Cod Wars. Posted by hulda on Apr 16, 2015 in Icelandic culture, Icelandic history
Did you hear about that time when Iceland, a country with no military, beat the British Royal Navy three times in a row with 7 small coast guard vessels? If you ever visit Iceland you probably will hear of it – the Cod Wars, as they’re called, are a source of national pride.
Like the name suggests it all began with the right of fishing near Iceland. The original source behind the wars was actually not Icelanders but the Danes, at a time when the invention of the steam engine made longer fishing trips a possibility and Denmark began to worry about the British fishing very close to Iceland. Denmark therefore declared a fishing limit of 50 nautical miles around Iceland and enforced this with their own navy, arresting and fining British fishing ships that entered the area. The UK never acknowledged this rule, but as the whole world soon plunged into the First World War matters were left to lie… for the time being.
Fast forward to the year 1958. Both World Wars now over, Iceland was an independent nation and fishing was still one of the major industries. The first Cod War started by Iceland declaring they were expanding their fishing waters from 4 to 12 nautical miles, to which the UK responded by sending 4 war ships to protect the British trawlers. Iceland sent their Coast Guard into action, all 7 vessels, and things heated up quickly with ships firing at and ramming each other until two months later the countries finally came to an agreement.
Peace lasted until 1972 when Iceland again declared a new expansion to its area, now 50 nautical miles wide. History repeated itself: the British ships attempted to continue fishing with the help of the Royal Navy, but this time Icelanders did not stop at simply trying to shoo the British trawlers away – they employed net cutters with which they cut the nets off of the ships. A particularly amusing anecdote regards ICGV Ægir meeting a ship that, instead of giving their name, played Rule, Britannia! at them via the radio. One net cutting round later the ship finally identified itself as Peter Scott, besides some foul language and a fire axe thrown at Ægir.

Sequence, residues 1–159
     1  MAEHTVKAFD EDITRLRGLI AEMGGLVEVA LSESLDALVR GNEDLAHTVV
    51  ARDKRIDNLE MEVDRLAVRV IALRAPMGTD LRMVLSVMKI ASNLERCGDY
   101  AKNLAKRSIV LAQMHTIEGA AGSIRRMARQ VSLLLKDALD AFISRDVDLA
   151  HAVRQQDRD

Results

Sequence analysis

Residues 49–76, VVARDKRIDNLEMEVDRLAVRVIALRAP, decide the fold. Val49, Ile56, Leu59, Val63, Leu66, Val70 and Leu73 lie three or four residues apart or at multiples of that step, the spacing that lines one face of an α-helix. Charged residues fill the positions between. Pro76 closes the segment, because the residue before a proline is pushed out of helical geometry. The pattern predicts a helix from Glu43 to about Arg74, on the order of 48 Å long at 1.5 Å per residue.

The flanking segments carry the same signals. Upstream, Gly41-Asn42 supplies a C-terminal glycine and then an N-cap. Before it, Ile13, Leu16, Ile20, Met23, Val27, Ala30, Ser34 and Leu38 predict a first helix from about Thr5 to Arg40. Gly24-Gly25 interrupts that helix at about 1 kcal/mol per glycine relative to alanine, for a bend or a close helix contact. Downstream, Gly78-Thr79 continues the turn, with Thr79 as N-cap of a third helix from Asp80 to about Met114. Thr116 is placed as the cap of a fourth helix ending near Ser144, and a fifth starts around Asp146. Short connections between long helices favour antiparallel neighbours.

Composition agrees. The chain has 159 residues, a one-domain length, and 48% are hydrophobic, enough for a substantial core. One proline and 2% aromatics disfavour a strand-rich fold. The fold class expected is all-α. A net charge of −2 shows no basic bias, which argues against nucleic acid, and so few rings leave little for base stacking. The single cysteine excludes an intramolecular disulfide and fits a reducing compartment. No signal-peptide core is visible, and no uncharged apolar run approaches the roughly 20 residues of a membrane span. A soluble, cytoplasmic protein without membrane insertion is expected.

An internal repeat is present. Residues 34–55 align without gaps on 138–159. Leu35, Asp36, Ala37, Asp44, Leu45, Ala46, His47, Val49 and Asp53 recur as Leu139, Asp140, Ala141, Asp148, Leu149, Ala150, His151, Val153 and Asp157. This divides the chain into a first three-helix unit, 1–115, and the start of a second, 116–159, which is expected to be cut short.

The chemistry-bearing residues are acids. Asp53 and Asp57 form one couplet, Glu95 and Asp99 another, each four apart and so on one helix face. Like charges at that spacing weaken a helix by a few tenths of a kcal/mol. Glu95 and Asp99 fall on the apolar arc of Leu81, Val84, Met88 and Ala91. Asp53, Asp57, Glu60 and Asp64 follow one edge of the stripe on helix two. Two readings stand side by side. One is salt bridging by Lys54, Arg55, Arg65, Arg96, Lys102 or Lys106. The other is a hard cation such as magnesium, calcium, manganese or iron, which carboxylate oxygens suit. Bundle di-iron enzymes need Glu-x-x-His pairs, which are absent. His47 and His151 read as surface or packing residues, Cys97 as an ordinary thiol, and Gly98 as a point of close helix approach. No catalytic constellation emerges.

Many collisions later this Cod War, too, came to an end in 1973, the reason behind the ending much the same as with the first one: it was simply too expensive for the UK to keep thousands of men and several large warships constantly in the Icelandic waters. Meanwhile Iceland faced no such expenses, having only a handful of small vessels and a couple of hundred men whose job was patrolling the coastal areas anyway.
The third Cod War followed at the heels of the second one, beginning in 1975 when Iceland decided to expand their fishing area to 200 nautical miles… and understandably the UK, once again, did not feel comfortable with the decision. The third Cod War proved the fiercest of all three, with more net cutting and more collisions and fights breaking out between ships. A particularly severe battle happened between V/s Þór and three British tugboats Lloydsman, Star Aquarius and Star Polaris, but to this day the accounts of who rammed whom and who did it first differ greatly: it’s certain though that the V/s Þór suffered damage and almost sunk, and that it fired a live round at Star Aquarius.
After this and another, similar occasion, the British side ordered its ships to a more careful approach, not least because fixing the ships after collisions was proving expensive – it would seem that the British ships actually suffered worse damage than the Icelandic ones. Things would probably have gone thus for longer had Iceland not threatened to close the NATO base at Keflavík, at which a deal was again reached and the British ships agreed to stay out of the Icelandic area.
Despite everything all three of the Cod Wars ended in total only two casualties. One Icelandic engineer died while making hull repairs during the second one and one British sailor was injured when his trawler’s nets were cut off and he was hit by a hawser during the third. Some would add though that among the real casualties of these wars were actually the British fishermen who lost their livelihoods and the north fishing industry that suffered heavy damage as a direct result of the wars.
Today all that remains is V/s Óðinn, a former coast guard ship turned museum, parked next to the Marine Museum at Grandagarður, Reykjavík. It’s quite an experience to visit and well worth the price of the ticket in my opinion, and it has specialties such as a presidential suite to look at. I warmly recommend it if you ever happen by, and should you be here during the annual fishermen’s day you’ll get in for free!
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